“Scissors have a calming effect on me. I think cutting is my form of meditation.”

Can you tell me about your process of making collages? How do you start to work? How do you select the subject?

It all begins with the paper. In my case it’s usually a page from an old book. An image ‘speaks’ to me, beckoning to be combined with another, and so on. Cutting is also an important part of the process. Scissors have a calming effect on me. I think cutting is my form of meditation. It is an intriguing act conceptually, because you are simultaneously breaking and mending. It’s almost like I need to violate the paper in order to heal something within.

I’m not an illustrator, so it’s not really about having or selecting subjects. Subject matter arises from the image, often by way of unexpected association. It may derive logically from the source image, but often it is sparked by an element of surprise. This is where my super-Ego tries to take over saying: ‘That’s silly’ or ‘That’s too simplistic!’. This editing tendency drives me crazy!

In your artworks, what are the most important elements? Do you have certain things that you notice to pay more attention to?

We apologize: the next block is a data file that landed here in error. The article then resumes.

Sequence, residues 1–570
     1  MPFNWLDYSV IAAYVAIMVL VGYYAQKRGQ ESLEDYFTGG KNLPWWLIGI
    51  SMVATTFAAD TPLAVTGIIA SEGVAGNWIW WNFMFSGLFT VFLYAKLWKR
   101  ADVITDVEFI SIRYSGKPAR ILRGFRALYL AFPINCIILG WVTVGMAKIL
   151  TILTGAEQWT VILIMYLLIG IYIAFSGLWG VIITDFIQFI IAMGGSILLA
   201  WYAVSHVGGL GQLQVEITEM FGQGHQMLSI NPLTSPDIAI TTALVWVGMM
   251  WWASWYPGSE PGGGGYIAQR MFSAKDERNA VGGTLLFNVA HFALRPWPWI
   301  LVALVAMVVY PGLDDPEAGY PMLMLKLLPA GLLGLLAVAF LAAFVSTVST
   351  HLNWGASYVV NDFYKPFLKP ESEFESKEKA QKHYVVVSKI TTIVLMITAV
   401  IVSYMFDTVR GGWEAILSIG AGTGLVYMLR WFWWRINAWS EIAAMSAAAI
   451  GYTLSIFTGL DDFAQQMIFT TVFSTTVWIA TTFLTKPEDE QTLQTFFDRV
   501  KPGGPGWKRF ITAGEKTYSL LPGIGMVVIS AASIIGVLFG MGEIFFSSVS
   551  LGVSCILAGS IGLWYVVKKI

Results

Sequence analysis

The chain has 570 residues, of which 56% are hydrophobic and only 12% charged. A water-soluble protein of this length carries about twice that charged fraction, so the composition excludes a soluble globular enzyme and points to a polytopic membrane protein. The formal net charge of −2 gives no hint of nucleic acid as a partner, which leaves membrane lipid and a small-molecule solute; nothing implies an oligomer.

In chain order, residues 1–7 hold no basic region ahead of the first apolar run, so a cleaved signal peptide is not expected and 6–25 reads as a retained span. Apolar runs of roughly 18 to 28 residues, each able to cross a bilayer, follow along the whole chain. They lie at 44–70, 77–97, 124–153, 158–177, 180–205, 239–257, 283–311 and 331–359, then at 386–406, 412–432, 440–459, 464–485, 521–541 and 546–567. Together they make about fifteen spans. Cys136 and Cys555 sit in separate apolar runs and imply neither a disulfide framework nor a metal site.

In short: technique and concept. I use a lot of classical hand-cutting techniques and consider them sources of inspiration just like paper or source image. My posthumous mentor Jiří Kolář gave the techniques amusing names: prolage, rollage, froissage, etc. If I happen to run out of ideas (which is rare!), I just turn to any specific technique and see what happens. Something usually does.

I structure my work thematically and serially, paying heed to the conceptual edge that informs my work. I try not to stress intellectual content too much, but it’s unavoidably there. The conceptual attitude may lurk within an ironic stance, or it might be more subtly suggested by the title of a piece. Naming works is important – after all, they are not just abstractions. Making pretty – or quirky or whacky or absurd – pictures is fun, but fun alone won’t make me happy at the end of the day.

On the other hand, I’m a sucker for beauty and think much about composition and harmony. But there is another, equally crucial element, a little harder to put my finger on. Let’s call it a mood or atmosphere. It’s best left to other people to describe and analyze, but I think one ingredient might be wistfulness or melancholia, a sense of longing or loss, relating to the point I made earlier.

How would you describe your relationship to old paper as a working material?

Paper is everything. Hence I’m not a huge fan of shared sourcing or collage “kits”. They assume our relationship with the material to be superficial. Per se, circulating material that you don’t have use of is great. But the process of discovering a discarded old book with the “blank canvas” of inspiring pages is one of the most exciting things about the process. It’s not just the hunt, but also the sense of suspense as your mind’s eye catches glimpses of works to come…